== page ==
“The People Who have Walked in Darkness have Seen a Great Light…”

Christmas Eve, Year B.

The Collect

O God, you have caused this holy night to shine with the brightness of the true Light: Grant that we, who have known the mystery of that Light on earth, may also enjoy him perfectly in heaven; where with you and the Holy Spirit he lives and reigns, one God, in glory everlasting. Amen.

The Old Testament

The people who walked in darkness have seen a great light; those who lived in a land of deep darkness — on them light has shined. You have multiplied the nation, you have increased its joy; they rejoice before you as the joy at the harvest, as people exult when dividing plunder. For the yoke of their burden, and the bar across their shoulders, the rod of their oppressor, you have broken as on the day of Midian. For all the boots of the tramping warriors and all the garments rolled in blood shall be burned as fuel for the fire. For child has been born for us, a son given to us; authority rests on his shoulders; and he is named Wonderful Counselor, Mighty God, Everlasting Father, Prince of Peace. His authority shall grow continually, and there shall be endless peace for the throne of David and his kingdom. He will establish and uphold it with justice and with righteousness from this time onward and forevermore. The zeal of the LORD of hosts will do this.

Isaiah 9:2-7

The Gospel

And it came to pass in those days, that there went out a decree from Caesar Augustus, that all the world should be taxed. (And this taxing was first made when Cyrenius was governor of Syria.) And all went to be taxed, every one into his own city. And Joseph also went up from Galilee, out of the city of Nazareth, into Judaea, unto the city of David, which is called Bethlehem; (because he was of the house and lineage of David:) To be taxed with Mary his espoused wife, being great with child. And so it was, that, while they were there, the days were accomplished that she should be delivered. And she brought forth her firstborn son, and wrapped him in swaddling clothes, and laid him in a manger; because there was no room for them in the inn.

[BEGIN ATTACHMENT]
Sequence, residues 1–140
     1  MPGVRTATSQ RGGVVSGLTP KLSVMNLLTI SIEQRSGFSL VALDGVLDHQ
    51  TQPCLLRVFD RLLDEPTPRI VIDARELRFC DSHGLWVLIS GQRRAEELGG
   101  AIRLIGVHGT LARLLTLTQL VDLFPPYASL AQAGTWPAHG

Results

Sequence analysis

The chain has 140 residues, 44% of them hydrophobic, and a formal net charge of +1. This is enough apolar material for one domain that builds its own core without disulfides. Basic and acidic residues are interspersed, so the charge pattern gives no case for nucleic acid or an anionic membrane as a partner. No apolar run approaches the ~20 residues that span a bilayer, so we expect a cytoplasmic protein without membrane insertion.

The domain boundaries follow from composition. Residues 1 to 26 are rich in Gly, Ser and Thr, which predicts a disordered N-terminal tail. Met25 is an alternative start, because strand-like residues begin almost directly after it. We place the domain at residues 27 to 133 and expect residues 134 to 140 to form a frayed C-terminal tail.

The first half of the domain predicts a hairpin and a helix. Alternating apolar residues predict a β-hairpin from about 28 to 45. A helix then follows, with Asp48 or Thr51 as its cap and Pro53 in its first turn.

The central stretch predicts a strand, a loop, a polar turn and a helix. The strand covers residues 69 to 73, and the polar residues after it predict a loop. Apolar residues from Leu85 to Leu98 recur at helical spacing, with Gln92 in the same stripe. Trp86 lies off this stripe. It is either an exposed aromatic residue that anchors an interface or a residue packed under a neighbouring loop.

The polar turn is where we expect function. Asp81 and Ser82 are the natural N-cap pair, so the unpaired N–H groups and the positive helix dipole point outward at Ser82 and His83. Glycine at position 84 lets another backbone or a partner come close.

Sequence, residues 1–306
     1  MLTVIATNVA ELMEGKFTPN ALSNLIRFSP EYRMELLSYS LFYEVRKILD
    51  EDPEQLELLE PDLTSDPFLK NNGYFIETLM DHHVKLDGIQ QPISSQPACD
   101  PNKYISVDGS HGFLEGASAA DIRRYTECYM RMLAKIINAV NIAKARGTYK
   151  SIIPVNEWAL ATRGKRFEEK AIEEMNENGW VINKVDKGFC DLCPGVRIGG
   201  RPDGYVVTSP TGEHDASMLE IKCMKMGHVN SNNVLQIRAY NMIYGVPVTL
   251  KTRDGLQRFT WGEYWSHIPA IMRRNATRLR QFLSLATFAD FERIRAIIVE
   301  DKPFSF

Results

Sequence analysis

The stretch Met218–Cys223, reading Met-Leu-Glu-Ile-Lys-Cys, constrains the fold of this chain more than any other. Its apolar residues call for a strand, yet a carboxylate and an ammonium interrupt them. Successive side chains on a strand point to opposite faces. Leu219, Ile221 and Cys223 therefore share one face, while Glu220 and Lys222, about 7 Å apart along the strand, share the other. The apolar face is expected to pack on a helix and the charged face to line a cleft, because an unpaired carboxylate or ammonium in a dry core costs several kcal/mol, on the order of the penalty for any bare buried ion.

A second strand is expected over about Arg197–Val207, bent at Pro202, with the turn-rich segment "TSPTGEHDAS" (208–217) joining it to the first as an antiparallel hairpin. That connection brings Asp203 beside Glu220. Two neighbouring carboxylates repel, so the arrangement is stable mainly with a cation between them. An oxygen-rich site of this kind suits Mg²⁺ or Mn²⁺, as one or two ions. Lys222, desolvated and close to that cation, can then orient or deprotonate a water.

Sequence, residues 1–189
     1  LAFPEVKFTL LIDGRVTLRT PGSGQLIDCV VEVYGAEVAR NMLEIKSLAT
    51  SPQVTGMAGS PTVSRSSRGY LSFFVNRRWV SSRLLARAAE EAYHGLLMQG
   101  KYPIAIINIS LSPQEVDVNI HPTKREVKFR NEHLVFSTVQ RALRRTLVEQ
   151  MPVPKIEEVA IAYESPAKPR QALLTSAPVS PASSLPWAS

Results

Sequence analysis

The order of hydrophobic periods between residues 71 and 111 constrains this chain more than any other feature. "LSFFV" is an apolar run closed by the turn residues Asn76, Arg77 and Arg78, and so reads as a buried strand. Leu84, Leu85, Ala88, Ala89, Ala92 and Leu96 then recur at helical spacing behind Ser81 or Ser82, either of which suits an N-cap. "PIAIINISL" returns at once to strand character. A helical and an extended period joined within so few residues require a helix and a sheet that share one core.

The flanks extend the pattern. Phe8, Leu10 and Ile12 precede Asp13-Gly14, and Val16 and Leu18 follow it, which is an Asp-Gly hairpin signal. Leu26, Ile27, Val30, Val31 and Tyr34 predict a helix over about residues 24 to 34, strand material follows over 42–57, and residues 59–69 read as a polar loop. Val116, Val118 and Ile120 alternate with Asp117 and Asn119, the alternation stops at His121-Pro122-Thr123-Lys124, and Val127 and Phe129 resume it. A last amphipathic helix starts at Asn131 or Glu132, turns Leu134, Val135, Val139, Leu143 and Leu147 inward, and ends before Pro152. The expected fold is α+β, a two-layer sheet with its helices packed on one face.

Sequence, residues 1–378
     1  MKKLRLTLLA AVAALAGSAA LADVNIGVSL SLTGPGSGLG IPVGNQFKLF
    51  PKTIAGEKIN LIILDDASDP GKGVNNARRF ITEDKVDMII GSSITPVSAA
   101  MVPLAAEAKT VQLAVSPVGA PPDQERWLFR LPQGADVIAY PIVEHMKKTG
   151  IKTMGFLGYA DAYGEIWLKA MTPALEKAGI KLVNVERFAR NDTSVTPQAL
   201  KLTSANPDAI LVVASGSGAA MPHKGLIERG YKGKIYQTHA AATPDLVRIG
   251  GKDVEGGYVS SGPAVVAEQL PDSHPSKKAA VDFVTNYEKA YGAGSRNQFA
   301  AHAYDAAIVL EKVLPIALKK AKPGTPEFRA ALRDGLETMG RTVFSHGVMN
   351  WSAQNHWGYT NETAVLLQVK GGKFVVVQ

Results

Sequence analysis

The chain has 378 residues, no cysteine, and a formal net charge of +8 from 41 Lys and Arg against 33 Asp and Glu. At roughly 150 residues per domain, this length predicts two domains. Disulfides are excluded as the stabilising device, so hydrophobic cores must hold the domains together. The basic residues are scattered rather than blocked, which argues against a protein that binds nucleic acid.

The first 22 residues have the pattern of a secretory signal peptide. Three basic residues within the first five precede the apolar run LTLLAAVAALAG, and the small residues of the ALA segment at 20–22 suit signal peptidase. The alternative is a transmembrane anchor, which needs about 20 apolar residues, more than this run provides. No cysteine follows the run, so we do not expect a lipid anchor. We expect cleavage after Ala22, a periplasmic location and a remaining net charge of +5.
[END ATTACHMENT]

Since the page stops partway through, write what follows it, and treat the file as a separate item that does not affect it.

And there were in the same country shepherds abiding in the field, keeping watch over their flock by night. And, lo, the angel of the Lord came upon them, and the glory of the Lord shone round about them: and they were sore afraid. And the angel said unto them, Fear not: for, behold, I bring you good tidings of great joy, which shall be to all people. For unto you is born this day in the city of David a Saviour, which is Christ the Lord. And this shall be a sign unto you; Ye shall find the babe wrapped in swaddling clothes, lying in a manger. And suddenly there was with the angel a multitude of the heavenly host praising God, and saying, Glory to God in the highest, and on earth peace, good will toward men. And it came to pass, as the angels were gone away from them into heaven, the shepherds said one to another, “Let us now go even unto Bethlehem, and see this thing which is come to pass, which the Lord hath made known unto us.” And they came with haste, and found Mary, and Joseph, and the babe lying in a manger. And when they had seen it, they made known abroad the saying which was told them concerning this child. And all they that heard it wondered at those things which were told them by the shepherds. But Mary kept all these things, and pondered them in her heart. And the shepherds returned, glorifying and praising God for all the things that they had heard and seen, as it was told unto them.